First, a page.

Tuesday, September 15, 2009

‘Jewish Images that Injure’ by Marsha Woodbury. Presented by Daniel Dixon

The presentation given discussed the article by Marsha Woodbury, Jewish Images that Injure, how it relates to Judaism in popular culture and the creation and development of the Jewish stereotype. To exemplify a Jewish stereotype, a video containing excerpts from an episode of the TV series South Park was shown. In the clip, a character is visited by his Jewish cousin, whose characteristics are unmistakably and stereotypically Jewish and used for comic effect. At the end of the presentation, the audience was encouraged to contemplate the motivation and justification of that particular portrayal, after being given further context surrounding the issue.

Woodbury’s attitude is summarised by this statement in her article regarding the pigeon-holing of Judaism and Jewish individuals:

“The goal is to heighten awareness of the unconscious assumptions we may hold about Jewish people and to learn where these inner images clash with reality.”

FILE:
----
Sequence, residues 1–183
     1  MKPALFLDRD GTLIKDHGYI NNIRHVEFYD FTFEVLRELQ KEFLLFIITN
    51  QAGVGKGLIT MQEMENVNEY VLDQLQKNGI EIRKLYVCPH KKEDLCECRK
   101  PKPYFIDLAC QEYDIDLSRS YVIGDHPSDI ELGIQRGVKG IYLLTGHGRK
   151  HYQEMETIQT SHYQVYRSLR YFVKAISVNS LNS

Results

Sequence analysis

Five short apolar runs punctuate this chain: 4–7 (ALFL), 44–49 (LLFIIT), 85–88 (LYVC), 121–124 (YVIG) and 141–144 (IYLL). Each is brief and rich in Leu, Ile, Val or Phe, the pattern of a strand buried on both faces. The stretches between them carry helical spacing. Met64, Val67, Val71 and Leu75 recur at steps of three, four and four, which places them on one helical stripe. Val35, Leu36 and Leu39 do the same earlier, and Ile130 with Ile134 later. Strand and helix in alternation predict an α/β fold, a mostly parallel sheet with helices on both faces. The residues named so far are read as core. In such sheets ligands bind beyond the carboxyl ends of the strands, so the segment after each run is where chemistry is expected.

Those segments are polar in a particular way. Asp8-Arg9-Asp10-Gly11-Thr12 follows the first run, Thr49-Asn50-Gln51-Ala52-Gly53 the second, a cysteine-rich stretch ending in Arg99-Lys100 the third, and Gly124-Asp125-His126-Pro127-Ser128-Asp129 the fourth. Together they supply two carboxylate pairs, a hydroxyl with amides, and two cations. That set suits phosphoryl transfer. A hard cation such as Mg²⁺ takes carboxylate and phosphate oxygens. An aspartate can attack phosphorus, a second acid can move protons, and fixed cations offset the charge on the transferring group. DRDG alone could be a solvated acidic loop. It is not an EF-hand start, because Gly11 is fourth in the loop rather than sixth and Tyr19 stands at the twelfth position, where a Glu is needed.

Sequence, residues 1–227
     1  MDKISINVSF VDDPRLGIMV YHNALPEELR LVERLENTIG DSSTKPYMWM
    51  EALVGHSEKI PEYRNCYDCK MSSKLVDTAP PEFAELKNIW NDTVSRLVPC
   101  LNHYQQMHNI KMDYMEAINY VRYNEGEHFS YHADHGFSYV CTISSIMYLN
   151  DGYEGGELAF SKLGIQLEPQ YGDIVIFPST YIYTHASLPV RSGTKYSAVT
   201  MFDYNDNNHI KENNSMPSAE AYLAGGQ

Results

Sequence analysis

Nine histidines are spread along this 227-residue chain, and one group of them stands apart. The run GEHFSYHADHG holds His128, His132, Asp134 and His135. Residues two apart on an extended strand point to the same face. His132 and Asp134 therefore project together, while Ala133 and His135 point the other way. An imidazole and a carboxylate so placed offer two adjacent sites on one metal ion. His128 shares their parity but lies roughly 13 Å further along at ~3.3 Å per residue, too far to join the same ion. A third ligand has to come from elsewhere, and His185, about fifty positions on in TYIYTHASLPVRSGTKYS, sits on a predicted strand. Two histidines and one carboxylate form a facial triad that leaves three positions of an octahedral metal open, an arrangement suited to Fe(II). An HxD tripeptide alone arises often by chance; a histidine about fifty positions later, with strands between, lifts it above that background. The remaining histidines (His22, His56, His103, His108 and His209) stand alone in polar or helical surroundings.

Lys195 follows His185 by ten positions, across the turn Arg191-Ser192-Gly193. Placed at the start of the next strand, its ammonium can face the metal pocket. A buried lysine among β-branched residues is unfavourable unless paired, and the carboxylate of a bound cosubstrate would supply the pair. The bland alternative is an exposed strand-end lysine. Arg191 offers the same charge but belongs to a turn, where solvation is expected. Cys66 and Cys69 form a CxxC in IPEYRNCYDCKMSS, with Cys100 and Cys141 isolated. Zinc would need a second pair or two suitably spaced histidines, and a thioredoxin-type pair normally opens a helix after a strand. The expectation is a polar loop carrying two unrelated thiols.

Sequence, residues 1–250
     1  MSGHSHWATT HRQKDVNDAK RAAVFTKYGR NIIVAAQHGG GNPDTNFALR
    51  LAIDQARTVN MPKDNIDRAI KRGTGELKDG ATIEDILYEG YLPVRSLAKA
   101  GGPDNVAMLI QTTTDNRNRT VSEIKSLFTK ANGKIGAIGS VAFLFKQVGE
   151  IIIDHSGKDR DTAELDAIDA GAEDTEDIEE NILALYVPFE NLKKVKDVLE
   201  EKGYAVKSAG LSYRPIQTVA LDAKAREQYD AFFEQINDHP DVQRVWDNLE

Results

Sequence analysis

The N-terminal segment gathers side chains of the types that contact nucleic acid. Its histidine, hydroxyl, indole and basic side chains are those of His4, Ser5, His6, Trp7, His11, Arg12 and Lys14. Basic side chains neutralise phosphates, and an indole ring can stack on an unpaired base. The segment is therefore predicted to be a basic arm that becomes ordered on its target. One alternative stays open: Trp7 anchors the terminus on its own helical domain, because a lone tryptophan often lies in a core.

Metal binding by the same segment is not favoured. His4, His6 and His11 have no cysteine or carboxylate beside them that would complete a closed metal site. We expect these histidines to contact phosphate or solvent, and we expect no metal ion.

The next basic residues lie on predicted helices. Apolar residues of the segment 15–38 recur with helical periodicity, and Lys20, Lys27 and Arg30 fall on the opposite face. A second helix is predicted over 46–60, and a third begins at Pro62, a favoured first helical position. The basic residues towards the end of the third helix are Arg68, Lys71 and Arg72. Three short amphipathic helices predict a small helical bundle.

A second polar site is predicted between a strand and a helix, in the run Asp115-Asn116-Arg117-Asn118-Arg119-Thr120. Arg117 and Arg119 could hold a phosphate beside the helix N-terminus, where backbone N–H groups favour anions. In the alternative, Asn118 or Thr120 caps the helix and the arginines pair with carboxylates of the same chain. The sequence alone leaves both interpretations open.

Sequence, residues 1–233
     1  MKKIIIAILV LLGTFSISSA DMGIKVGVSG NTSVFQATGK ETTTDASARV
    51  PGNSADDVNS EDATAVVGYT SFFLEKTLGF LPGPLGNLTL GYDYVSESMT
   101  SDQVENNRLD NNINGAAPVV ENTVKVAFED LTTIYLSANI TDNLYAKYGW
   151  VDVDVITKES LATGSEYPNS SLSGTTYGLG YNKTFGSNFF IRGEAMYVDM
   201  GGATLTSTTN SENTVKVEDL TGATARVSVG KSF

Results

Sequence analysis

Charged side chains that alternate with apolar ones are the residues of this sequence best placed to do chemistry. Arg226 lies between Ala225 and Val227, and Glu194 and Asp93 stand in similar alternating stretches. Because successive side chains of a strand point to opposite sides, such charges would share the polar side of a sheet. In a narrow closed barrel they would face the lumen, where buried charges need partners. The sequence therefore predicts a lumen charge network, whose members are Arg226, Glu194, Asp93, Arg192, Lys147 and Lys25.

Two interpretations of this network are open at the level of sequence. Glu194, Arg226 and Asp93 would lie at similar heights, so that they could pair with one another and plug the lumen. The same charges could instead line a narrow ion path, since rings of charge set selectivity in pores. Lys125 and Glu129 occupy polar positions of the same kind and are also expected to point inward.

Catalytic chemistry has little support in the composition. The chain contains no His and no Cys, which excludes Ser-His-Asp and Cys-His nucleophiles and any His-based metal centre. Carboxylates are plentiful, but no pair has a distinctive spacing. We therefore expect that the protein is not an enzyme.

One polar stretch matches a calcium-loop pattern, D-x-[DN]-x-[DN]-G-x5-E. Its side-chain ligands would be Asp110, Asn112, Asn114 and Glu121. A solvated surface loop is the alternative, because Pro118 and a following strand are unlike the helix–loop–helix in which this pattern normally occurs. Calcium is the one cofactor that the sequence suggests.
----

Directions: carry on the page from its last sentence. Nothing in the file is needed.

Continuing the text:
Several key points discussed were used to demonstrate and explain the nature of the Jewish image:

• An explanation of Woodbury’s account of the persistence of the Jewish stereotype through history, and reasons for the particular stereotype’s existence.
• The effect that the nation of Israel has had on the perception of Judaism, particularly the consequences of the media’s portrayal of the Israeli/Palestinian conflict.
• Popular Jews in the media today, how they’re portrayed, and how they deal with their ‘Jewishness’.

According to Woodbury, the situation in Israel, and the media’s subsequent coverage, has led to the stigmatisation of individual Jews around the globe. There is evidence that this has resulted in a violent reaction against Jewish targets such as synagogues, even in traditionally tolerant societies.

The presentation given offered context and suggested a contemplation of the use of the typically ‘Jewish’ character. Other Jewish actors and characters in the media industry, such as Lenny Bruce, Jon Stewart and Larry David all gave themselves particularly non-Jewish sounding stage names. This would suggest that they have found it simply easier to not be perceived as Jewish.

The conclusion that was reached in the presentation is that Woodbury’s discussion is pertinent to the Jewish situation, and while many other forms of intolerance and racism exist, the historical and modern context surrounding Judaism indicates that the issue is particularly ubiquitous and relevant in the modern world.

Woodbury M, 2003, ‘Jewish Images that Injure’, in PM Lester and EE Dennis, Eds., Images that Injure: Pictorial Stereotypes in the Media, 2nd edition, Praeger, London.

No comments: